This weekend my hubby wanted to give our son a bottle, so I thawed some milk that was pumped mid-February (2 months ago). When I was putting it in the bottle it smelled sour like spit-up. Why is that? He still ate it and it didn't make him sick. Is my milk bad? That was the oldest milk I have so I thought it would be fine still.
There are many reasons why your milk may smell sour.
What are you storing your milk in? Sometimes the breastmilk storage bags can let in smells from the freezer, which may make your milk smell less than desirable. Try storing in air-tight glass containers to see if this helps. Also, store your milk in the back of the freezer, rather than the door, so that the milk doesn't defrost as the freezer door stays open. For terrific information about milk storage guidelines, check out Mother and Child Health's article: Storage and Handling of Breastmilk.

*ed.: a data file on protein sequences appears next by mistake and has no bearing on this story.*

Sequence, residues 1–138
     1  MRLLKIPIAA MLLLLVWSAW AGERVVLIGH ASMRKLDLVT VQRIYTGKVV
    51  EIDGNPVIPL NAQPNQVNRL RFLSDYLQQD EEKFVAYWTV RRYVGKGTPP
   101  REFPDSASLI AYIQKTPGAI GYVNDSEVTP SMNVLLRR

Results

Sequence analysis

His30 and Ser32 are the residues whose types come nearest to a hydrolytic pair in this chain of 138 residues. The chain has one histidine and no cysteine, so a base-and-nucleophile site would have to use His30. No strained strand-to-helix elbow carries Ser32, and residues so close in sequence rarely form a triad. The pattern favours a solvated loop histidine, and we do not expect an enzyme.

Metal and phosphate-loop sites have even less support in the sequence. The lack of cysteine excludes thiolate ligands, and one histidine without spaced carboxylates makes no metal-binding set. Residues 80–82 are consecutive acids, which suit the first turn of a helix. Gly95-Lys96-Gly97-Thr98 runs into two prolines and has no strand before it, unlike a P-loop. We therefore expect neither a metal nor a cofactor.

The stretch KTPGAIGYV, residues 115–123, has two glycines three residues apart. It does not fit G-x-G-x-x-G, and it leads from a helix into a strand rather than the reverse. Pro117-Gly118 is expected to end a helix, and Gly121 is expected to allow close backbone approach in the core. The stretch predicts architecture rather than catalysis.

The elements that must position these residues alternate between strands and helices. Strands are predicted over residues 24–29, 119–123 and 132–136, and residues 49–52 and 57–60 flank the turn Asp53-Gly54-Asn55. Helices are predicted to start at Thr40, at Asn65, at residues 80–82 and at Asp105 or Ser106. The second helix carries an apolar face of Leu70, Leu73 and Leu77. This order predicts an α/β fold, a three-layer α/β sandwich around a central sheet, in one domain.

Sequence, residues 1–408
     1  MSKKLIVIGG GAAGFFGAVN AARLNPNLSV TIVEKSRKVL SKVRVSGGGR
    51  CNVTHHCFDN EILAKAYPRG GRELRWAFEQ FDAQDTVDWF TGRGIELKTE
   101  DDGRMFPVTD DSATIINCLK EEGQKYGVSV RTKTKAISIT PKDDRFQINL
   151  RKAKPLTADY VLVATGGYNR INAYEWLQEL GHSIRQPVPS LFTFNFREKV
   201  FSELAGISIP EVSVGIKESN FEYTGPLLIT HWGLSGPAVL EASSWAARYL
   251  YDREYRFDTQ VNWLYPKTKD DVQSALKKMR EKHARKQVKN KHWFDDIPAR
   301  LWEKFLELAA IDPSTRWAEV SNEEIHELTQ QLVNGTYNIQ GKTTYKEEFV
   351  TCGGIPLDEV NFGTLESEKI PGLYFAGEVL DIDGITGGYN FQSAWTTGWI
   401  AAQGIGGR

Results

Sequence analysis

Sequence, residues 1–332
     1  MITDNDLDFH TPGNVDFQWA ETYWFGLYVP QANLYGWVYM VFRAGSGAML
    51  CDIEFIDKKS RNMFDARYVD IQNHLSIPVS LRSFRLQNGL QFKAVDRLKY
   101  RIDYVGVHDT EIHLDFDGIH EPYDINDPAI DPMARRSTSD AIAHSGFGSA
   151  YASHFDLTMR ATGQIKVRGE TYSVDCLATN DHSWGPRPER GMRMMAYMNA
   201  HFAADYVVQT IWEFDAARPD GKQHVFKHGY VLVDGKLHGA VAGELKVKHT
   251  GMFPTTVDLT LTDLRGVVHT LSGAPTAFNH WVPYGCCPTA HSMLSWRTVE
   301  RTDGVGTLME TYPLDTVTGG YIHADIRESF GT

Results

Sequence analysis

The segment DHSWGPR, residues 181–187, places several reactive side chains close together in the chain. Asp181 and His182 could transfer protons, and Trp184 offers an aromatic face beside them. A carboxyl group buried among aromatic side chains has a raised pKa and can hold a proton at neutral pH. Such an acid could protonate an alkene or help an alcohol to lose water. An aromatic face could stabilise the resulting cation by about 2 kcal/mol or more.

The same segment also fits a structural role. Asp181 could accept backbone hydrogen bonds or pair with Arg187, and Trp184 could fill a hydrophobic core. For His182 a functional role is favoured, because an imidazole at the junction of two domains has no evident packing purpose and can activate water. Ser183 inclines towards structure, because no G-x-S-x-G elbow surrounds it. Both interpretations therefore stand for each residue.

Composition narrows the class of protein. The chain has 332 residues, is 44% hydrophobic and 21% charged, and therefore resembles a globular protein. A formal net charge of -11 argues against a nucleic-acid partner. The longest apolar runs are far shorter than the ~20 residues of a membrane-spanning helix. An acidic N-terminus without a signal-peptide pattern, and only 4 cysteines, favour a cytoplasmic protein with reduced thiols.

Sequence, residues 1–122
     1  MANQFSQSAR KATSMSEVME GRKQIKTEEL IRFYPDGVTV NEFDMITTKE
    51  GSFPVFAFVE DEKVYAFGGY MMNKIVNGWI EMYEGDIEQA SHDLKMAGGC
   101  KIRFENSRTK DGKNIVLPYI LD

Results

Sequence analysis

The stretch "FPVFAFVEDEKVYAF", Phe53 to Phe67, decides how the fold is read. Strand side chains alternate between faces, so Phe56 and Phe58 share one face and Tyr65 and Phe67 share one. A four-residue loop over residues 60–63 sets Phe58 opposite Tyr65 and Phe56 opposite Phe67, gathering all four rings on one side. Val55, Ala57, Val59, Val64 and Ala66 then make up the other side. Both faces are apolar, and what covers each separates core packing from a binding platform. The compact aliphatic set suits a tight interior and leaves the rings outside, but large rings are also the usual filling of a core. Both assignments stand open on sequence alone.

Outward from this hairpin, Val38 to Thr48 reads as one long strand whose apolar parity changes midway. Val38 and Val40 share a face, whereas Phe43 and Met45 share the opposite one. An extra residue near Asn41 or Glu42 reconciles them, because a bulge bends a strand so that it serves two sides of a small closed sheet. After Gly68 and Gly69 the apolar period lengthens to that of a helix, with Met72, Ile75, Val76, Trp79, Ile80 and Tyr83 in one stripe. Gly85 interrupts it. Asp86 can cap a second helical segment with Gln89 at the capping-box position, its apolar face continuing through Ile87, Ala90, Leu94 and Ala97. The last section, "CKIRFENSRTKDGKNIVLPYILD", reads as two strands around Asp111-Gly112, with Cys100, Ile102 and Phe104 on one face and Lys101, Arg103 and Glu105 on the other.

Your milk may have excess lipase in it, which can cause stored breastmilk to smell sour or soapy. Lipase is a beneficial enzyme found in breast milk that helps break down milk fat. If your breastmilk has excess lipase, the longer the milk is stored, the stronger the smell becomes. The milk is totally safe for the baby to consume, but some babies may reject the milk because of its strong scent and change in flavor. To break the cycle of the excess lipase, you can scald your milk after you express it, so that you can store it and use it at a later date. Here are two great resources, one by Christina Williams and one by Simply Rebekah, about scalding breastmilk to get rid of excess lipase.
For a more detailed explanation of excess lipase, check out Kellymom's article: My Expressed Breastmilk Doesn't Smell Fresh.
Natalie, as long as you are following proper breastmilk storage guidelines, sour milk doesn't always equal spoiled milk. Hope these resources help!